The Namibia College for Open Learning (NAMCOL) has catered for 203 383 grades 10 and 12 failures looking to upgrade their marks between 2010 and 2015, spokesperson Mandume Kaukungua told The Villager this week.
The institution has become a gateway for low-performing pupils to improve symbols in order to continue with their secondary education, or to even enter tertiary-level education.
Namcol has taken grades 10 and 12 failures off the streets, and given them an opportunity to increase their pass marks while offering additional courses such as Automotive Mechanics, Plumbing and Pipefitting, Welding and Metal Fabrication as well as Office Administration as part of its Vocational and Technical offerings.
According to the NAMCOL Tracer Study of Former Learners 2005 – 2010, “a total of 510 (65.8% of the total 775) of respondents applied to one or more higher education institutions, and 370 (47.7%) were accepted. This compares well to the 47.7% who stated that they had enrolled at NAMCOL in order to improve their symbols to gain entrance to higher education.”
Study respondents were also asked to indicate which higher education or training institution they had applied to. Some of the key institutions in Namibia were offered as possible responses, comprising the University of Namibia (UNAM), the Polytechnic of Namibia (PoN), the International University of Management (IUM), the Teachers’ Training Colleges, Vocational Training Centres (VTCs) or the National Institute for Mining and Technology (NIMT).
Just over one out of every five respondents had applied to study at UNAM or the Polytechnic of Namibia, and more than half of these applicants had applied for further studies elsewhere, with acceptance rates for these other institutions listed as ranging from 80.3% to 38.7%.
Of the 775 respondents, only 40.3% were employed, while 34.4% were still looking for jobs. 2.3% were not in search of employment away from their home/ farm. The remaining percentage was presumed to be still studying fulltime with NAMCOL or another education/training institution.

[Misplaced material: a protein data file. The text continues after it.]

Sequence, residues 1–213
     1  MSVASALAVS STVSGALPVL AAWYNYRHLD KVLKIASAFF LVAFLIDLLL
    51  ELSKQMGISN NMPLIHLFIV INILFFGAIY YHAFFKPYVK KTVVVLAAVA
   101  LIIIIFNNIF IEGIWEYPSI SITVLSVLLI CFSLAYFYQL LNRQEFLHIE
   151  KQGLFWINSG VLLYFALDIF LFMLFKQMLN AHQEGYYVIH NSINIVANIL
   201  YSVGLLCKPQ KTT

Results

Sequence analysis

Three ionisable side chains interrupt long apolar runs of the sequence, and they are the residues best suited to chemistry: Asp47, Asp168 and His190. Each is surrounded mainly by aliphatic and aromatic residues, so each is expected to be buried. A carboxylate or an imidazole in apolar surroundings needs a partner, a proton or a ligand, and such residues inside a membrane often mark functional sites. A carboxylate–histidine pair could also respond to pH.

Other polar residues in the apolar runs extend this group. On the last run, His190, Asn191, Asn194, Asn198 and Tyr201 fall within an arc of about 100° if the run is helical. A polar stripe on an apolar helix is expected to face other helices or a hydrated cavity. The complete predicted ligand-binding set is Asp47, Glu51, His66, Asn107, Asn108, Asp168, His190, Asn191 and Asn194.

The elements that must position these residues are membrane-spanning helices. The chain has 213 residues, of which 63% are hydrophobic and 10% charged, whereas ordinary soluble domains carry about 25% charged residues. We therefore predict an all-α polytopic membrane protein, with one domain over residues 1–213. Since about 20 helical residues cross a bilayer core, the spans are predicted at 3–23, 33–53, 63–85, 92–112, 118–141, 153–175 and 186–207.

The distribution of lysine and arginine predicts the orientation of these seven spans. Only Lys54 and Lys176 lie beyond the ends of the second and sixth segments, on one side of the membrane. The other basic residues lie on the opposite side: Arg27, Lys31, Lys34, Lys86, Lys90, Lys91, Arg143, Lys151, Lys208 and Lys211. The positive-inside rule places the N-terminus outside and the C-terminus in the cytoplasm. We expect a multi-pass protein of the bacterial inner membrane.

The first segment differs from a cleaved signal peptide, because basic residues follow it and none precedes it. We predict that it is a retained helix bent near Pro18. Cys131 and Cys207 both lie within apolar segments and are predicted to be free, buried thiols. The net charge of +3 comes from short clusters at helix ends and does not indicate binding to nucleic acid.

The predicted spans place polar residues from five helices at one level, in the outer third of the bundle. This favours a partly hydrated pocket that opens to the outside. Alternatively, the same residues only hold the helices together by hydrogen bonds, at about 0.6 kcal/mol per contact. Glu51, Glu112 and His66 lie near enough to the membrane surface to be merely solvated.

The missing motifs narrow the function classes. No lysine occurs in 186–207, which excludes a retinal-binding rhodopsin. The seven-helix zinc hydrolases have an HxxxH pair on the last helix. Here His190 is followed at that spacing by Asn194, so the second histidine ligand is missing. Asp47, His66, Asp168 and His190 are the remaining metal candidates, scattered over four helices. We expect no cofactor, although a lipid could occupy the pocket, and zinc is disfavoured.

Employed learners worked in sectors which ranged from government to non-profit organisations to private companies, to community- based organisations to volunteer work. The government employs the majority of NAMCOL graduates, with 44.9% of those employed there, and the private sector took 41.7%. 4.8% work for non-profit organisations, while 4.8% do volunteer work. The remaining 2.2% are employed in communitybased organisations.
The institution - which is registered as a parastatal and receives funding through the Ministry of Education, Arts and Culture - also operates other business units to create additional income for its operations. Kaukungua said like any other academic institution, there are complaints regarding fees.
However, NAMCOL’s fees are relatively low, taking into consideration the services they provide. In 2012, NAMCOL recorded a drop-out rate of 7% for Junior Secondary Certificate (JSC) and 8% for Namibian Senior Secondary Certificate Ordinary Level (NSSCO), respectively. NAMCOL is mandated by an Act of Parliament to offer programmes to adults and out-of-school youth. That mandate will be maintained for as long as the Act remains in place.
Last week, they celebrated winning the World Summit Award in the Learning and Science category after entering the competition with the Notesmaster e-learning platform.
“In August this year, NAMCOL decided to enter the competition for the world’s best practices in digital innovation. We then submitted Notesmaster Namibia Open Educational Resources as a project to compete with the other 387 projects submitted from 86 countries worldwide. We were very overjoyed to receive news that Notesmaster Namibia was selected as a winner among 40 winners from 24 countries”, Namcol Director Herold Murangi said.
“I’m equally happy to note that the content is made available to all teachers and learners free of charge. This is a step in the right direction. The digital divide is created partly because access to important resources is denied through exorbitant fees,” Murangi stated.
He added that in many cases, teachers and learners can’t afford to pay the fees charged to access important resources. The creation of Open Educational Resources is one of the innovative ways to assist with bridging the digital divide. In this regard, NAMCOL is a leader in the country, and encourages other educational institutions to follow suit.
“The College has a policy to guide its development of Open Education Resources. This is what distinguishes quality institutions from others, and it is praiseworthy. It informs me that the College is serious about the development of OER, as it is abbreviated,” he noted.
Higher-level subjects will be added at a later stage when the new curriculums are implemented. Most content is available in PDF format for free downloads, and has numerous interactive features such as quizzes, animations, audio-clips and video clips.
As a reward for winning in the Learning and Science category at the 2015 World Summit Awards, Notesmaster Namibia and Open Education Resources will be heading to the World Global Congress in Shenzhen, China in February 2016.